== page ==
I just realized that the wishlist I once compiled for Inquisit 2 (http://www.millisecond.com/forums/Topic1118.aspx) has been covered nearly in its entirety by the new features Sean Draine and his team weaved into Inquisit 3 since then. That's why, at first, I wish to say many, many thanks from a grateful user! This is truly great customer support from a truly great team.
But as software can never satisfy men, I felt now would be a good time to put up a new wishlist from observations I made and issues I stumbled upon while working with Inquisit. I tried to incorporate mostly those nitpicks that at least one other user brought up in the discussions on this forum. So here we go.
(1) Allow <values> as trial timings: The timing/frame specification is one of the roughest edges about Inquisit I am aware of. Variable or adaptive presentation times are impossible to implement with the current logic and above all, changes to the timing of a certain stimulus within a trial event train require to change all subsequent timings accordingly.
(2) Evaluate a <picture> element every time it is used: Many research paradigms involve presenting some target stimulus among a number of distractor elements. These distractor elements are often visually different (e.g., letters in different orientations) but belong to the same conceptual class and thus lend themselves to be defined within the same <item>. It would be intuitive to only declare a single stimulus element for such an item and reuse that multiple times within the same trial. Inquisit precludes such efficient coding since it will evaluate the same stimulus only once at the beginning of a trial and then show exactly this instance on every occasion it is used within that trial.
(3) *SOLVED (http://www.millisecond.com/community/forums/t/1292.aspx)* Make <picture> elements objects that can be passed around: This is a minor one, agreed, but most probably something you will bump into when exploiting the more sophisticated aspects of expression based programming in Inquisit. Many of Dave's examples for efficient coding involve the use of <text> stimuli and the ability to assign a string to the item property of a text stimulus during runtime. This allows for something like
/item = ("<%values.sometext%>")
where you'll only need a few text items in your whole script to display even large numbers of different text stimuli. A similar thing cannot be done for pictures due to the preloading of the associated files. It would nonetheless be a most convenient feature if Inquisit made something like this possible:
/item = ("<%values.somepic%>")
(4) Preserve transparency given in picture files: I never understood why Inquisit, despite its DirectX roots, even ignores the transparency setting of GIF files and instead only provides the ability to set one fixed color transparent manually. Full alpha channel transparency would open Inquisit to a whole new universe of experiments particularly in the vision sciences. Keep in mind, however, that enabling alpha channel transparency would inevitably create the need for PNG support.
(5) Include subject id in data file name: This is self-explanatory. Putting the subject number/id into the data file name when separatefiles=true enables quick selection of files belonging to one subject.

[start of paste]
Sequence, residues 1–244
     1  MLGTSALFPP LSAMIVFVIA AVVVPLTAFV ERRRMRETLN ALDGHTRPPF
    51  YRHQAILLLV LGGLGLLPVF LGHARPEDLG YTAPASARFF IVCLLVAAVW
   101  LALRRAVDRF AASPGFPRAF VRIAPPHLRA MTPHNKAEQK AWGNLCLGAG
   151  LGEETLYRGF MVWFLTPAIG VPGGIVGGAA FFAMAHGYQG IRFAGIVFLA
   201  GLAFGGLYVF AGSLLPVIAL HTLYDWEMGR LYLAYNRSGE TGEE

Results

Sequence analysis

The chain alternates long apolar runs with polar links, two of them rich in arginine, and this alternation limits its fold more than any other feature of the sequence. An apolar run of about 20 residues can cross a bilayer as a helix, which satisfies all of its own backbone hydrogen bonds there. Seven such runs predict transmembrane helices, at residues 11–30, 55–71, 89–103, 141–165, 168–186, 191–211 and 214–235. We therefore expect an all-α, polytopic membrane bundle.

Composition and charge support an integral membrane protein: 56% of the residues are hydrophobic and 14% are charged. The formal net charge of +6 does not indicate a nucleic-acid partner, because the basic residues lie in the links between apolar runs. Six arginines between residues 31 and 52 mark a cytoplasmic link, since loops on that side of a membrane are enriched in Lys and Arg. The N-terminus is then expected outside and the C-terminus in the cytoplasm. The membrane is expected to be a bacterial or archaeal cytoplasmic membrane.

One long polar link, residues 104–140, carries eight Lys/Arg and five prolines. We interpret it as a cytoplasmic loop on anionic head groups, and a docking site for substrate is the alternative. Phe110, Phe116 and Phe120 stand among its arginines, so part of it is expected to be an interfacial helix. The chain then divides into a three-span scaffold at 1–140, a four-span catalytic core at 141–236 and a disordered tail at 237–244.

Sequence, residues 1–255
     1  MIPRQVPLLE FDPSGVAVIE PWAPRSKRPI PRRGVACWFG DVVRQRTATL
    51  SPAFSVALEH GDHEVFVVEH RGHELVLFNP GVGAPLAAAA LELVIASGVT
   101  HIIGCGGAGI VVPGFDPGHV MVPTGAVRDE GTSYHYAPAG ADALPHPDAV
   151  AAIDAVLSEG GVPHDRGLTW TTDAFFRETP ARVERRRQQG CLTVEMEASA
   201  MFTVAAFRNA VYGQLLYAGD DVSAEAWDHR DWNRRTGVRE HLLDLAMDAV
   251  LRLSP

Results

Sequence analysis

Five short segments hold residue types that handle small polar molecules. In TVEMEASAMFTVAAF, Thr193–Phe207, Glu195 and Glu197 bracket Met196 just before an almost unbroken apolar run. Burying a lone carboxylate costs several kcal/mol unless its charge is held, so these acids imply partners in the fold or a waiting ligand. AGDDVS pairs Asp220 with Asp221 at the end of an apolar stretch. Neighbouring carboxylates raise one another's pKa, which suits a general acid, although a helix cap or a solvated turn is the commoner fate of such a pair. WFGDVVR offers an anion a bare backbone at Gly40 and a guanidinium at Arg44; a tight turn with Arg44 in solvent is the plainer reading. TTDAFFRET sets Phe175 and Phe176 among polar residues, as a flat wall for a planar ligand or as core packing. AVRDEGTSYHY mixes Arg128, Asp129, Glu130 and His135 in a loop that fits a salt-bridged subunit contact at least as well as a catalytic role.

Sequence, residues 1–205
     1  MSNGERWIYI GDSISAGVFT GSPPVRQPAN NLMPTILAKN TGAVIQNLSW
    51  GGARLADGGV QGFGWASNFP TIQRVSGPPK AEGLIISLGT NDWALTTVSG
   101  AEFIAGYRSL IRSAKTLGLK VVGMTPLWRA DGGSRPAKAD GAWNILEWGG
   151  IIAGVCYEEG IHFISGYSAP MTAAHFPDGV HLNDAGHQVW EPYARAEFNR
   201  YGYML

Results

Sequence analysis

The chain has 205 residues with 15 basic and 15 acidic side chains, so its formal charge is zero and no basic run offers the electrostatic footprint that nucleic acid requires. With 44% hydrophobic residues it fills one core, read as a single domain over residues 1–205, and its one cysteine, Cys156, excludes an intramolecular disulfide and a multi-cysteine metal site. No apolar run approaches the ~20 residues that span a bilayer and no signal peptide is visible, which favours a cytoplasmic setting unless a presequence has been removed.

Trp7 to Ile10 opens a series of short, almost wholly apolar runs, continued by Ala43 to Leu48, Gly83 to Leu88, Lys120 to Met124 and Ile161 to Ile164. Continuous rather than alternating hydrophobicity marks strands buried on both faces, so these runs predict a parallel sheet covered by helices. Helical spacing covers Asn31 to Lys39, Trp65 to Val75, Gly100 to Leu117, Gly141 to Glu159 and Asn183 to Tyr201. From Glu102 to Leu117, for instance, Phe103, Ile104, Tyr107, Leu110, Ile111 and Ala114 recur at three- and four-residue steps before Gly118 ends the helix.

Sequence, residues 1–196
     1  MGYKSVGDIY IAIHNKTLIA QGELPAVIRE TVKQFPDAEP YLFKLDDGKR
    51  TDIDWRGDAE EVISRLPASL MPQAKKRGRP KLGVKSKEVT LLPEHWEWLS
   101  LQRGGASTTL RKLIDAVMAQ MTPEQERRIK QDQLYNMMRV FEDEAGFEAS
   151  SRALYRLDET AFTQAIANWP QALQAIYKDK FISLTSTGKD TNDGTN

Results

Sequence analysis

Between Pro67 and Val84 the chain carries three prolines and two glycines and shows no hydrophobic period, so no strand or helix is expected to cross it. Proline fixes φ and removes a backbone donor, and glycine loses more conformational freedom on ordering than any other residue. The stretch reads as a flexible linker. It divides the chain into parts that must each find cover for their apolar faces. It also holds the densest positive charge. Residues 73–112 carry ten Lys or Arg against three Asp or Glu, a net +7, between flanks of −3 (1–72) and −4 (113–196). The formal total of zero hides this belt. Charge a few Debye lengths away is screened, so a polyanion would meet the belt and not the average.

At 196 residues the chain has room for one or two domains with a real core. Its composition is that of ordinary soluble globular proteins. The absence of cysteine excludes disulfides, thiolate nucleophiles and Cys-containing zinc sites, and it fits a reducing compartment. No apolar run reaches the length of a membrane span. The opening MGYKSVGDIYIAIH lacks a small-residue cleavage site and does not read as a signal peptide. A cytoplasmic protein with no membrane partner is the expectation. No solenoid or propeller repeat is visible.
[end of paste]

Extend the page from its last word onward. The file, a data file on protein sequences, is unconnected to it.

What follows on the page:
(6) Enhance editor: How about code-folding, syntax highlighting, delimiter matching, an improved search-and-replace dialog with RegEx capabilities, selection search and proper notification about replacement results? There are highly sophisticated free editors on the market which can do all this and much more, why not enable their integration with the Inquisit IDE?
(7) Have a none-visual monkey that executes an experiment as fast as possible (ignoring the trial timings): And at best one who writes out data even after the trial period has expired. I explained that in more detail here, but to put it short, such a monkey would be a blessing to those of us who cannot afford Inquisit licenses for every notebook which scripts are developed on. My ususal routine when compiling a new experiment is to first code the script to the best of my abilities, then let the monkey do a test run, set up analysis and testing routines for the written data, and finally conduct the experiment myself to get a feeling for the possible caveats plus having some real-life data upon which timings can be evaluated. The monkey part is essential since it will reveal any programming flaws, faulty stimulus assignments, improper condition balancing and so forth. Unfortunately, our lab is pretty busy most of the day so computer time is a valued resource. A none-visual monkey that executes the experiment in silence as fast as possible and keeps writing out data would shorten the development process significantly.
I can see that Sean rather have me buy a license for my development notebook but why not offer something like a 20$ development license that writes out data only when in monkey mode. I'd buy one.
(8) Setting mouse cursor coordinates: In many paradigms,
particularly when eyetracking is involved, it is of high importance
where a subject fixates when a stimulus is presented. Not being able to
control where the mouse cursor is positioned if the task involves mouse
movements poses a significant problem.
(9) Expressions in <%...%> context: It would be great if
you could write, for example:
/ items = ("<%concat(capitalize(values.sometext),values.someothertext)%>"
(10) Multiple <values> objects: Why not make <values>
into named objects so that you can have multiple value groups in a
script. Would allow for cleaner, more structured code.
The list will be updated with suggestions appearing in later posts.
Kind regards, Malte
p.s.: Ah, and please fix the editor before launching 184.108.40.206. Its disregard for line endings when copy-pasting drives me nuts.